Voices: Greg Seltzer

The most versatile players in Major League Soccer | Greg Seltzer

Latif Blessing - LAFC - Close up

Versatility holds great value in Major League Soccer, allowing coaches to seamlessly plug key cogs into different roles while they chalk up wins. Case in point: Each of the last 10 MLS Cup victors started at least one player away from what was considered to be their optimum position at the time. 

With all that in mind, we've decided to celebrate the "handyman" by spotlighting a six-pack of the most adaptable, multi-faceted players in MLS today. 

Latif Blessing, LAFC

Ever since Blessing landed in Los Angeles, he's made a name for himself as a vital "makes the team tick" cog. And quite fortunately for LAFC head coach Bob Bradley, the No. 7 shirt can be that guy from a variety of places on the field. Recently, he's been putting in work from right back, a position he'd never played as a pro before joining the club. 

Of course, the 23-year-old came into the league as a troublesome Sporting KC winger capable of solid production, and he remained that early in his LAFC tenure. Last season, Blessing was shifted into midfield, where he formed a terrific trio with Eduard Atuesta and Mark-Anthony Kaye. Though more of an attack administrator than an outright playmaker, he still put up decent counting stats for the record-breaking Supporters Shield winners. 

Hassani Dotson, Minnesota United FC

I would not at all be shocked to see the Minnesota United youngster eventually settle into one role, and excel it in that job. The thing is, at this time it's properly difficult to hypothesize exactly which position Dotson might lock down. Yes, right back and defensive midfield are odds-on co-favorites for the moment (and that's not just because the Loons have a 30+ star currently working those posts). And yet, the smooth and athletic 23-year-old has also put in adept showings from more advanced midfield stations, and even from left back. 

Dotson may be so tough to pigeon-hole because of his widely varied skills. He's speedy, but also strong in the air. He loves to get stuck in defensively about as much as he loves lighting off bombs from distance. And at this rate, his versatility could one day become a puzzle for US men’s national team boss Gregg Berhalter to solve, as well.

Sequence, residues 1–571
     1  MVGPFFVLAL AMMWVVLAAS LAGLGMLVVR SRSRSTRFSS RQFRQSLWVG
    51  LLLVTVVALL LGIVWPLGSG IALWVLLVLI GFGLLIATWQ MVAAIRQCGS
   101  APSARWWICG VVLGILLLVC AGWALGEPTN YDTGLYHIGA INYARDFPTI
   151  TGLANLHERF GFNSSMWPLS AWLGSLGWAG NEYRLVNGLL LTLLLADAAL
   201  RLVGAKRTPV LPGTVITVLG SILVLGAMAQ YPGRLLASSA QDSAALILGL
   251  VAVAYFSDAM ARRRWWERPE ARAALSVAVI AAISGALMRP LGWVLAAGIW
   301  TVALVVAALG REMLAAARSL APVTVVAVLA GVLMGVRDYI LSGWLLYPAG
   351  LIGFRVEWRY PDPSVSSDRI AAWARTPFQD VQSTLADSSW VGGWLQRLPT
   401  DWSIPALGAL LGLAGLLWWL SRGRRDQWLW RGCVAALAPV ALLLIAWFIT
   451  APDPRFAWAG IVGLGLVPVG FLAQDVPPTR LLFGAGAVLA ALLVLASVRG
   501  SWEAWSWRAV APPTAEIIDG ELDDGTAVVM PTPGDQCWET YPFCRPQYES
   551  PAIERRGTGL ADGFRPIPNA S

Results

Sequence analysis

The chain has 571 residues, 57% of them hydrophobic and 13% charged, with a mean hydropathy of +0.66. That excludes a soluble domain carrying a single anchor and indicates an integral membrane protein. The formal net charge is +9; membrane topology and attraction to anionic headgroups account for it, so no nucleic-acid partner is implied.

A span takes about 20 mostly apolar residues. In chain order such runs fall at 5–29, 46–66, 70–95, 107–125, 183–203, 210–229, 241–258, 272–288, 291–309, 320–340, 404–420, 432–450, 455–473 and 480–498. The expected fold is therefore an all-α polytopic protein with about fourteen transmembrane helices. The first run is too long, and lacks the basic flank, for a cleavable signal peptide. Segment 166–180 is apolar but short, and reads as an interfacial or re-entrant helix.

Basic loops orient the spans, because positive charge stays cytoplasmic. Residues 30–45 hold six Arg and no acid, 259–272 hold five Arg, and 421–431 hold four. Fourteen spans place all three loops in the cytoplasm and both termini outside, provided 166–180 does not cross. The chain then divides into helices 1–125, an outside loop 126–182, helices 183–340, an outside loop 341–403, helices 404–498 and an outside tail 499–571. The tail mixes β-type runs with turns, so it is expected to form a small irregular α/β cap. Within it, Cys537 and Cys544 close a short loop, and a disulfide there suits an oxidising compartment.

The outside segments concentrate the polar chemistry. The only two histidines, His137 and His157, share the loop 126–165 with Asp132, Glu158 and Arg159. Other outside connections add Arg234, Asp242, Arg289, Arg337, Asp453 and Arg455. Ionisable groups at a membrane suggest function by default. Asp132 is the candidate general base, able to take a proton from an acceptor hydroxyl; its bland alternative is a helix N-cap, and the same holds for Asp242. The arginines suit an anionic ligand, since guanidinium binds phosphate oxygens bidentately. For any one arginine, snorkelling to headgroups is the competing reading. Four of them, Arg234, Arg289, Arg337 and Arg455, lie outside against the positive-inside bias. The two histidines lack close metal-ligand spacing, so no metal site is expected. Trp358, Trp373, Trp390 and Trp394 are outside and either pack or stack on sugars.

Julian Gressel, D.C. United

There's no getting around it. The offseason catch has yet to catch fire in a D.C. United shirt. It's a surprising development (and one most probably imagine is temporary), but it can't erase the fact Gressel has been among the very best Swiss army knives in the league over the past few seasons. He raised three trophies in three years with Atlanta United, and it's apropos he worked four different positions to help the Five Stripes earn those three confetti showers.

It's true Gressel has played a lion's share of his MLS matches on the right flank, but it's also true he's played everywhere along it from front to back. To boot, he has played over 30 games in central midfield, operating from all three midfield posts at one time or another. And wherever you'll find him on a given day, the German is quite arguably the best crosser in the league, with service as easy to strike as it is accurate.

Damir Kreilach, Real Salt Lake

One could certainly be forgiven for forgetting the Real Salt Lake veteran arrived at Rio Tinto as a pure central midfielder, and one more likely to be charged with shielding the backline than guiding the attack. Sure, Kreilach was no stranger to producing supplemental offense from a deep station at Union Berlin. Or during his first season with RSL, for that matter. 

And then came the Audi 2018 MLS Cup Playoffs, when then-RSL boss Mike Petke pushed Kreilach into the surprisingly comfy forward role he's played more often than not since. For a team that has had the damnedest time getting a natural striker to pay off as expected, the 31-year-old has repeatedly been a rescue worker, especially in the postseason. He's been a lethal aerial threat, has shown there's a bit of magic in his right foot and still drops back to aid the build.   

Cristian Roldan, Seattle Sounders

When most people think of the Seattle mainstay, they likely view him as a two-way No. 8. That makes perfect sense, as a majority of his MLS outings have seen Roldan roaming box-to-box handling all sorts of midfield jobs. Check the highlights of most any key game from the club's two championship seasons, and you'll see him eagerly providing the bridge between NIco Lodeiro and either Ozzie Alonso or Gustav Svensson

What casual observers of the Sounders may not realize is Roldan has actually spent nearly two of his five-and-a-half seasons in other stations. In most of these formation sojourns, he has played somewhere along the starboard side, including at right wing and right back. He has also had some run-outs just behind the strikers and directly in front of the defense.

Kelyn Rowe, New England Revolution

Perhaps no current MLS player wears the handyman tag better than the New England vet. While he's played everywhere along the midfield line this season, that doesn't even begin to scratch the true surface of Rowe's career record for versatility. In fact, a check of his "all seasons" Transfermarkt page shows that he's seen time in every field position, and that he's made at least 13 starts at no less than six of them. 

In the early days of his first go-around with the Revs, Rowe could most often be found either in central midfield or on one of the flank attack spots. A fine case can be made left wing is his ideal assignment, but at this point there can be no denying the 28-year-old typically gets positioned in his team's greatest area of need at a given moment. And that, my friends, makes him a very handy player indeed.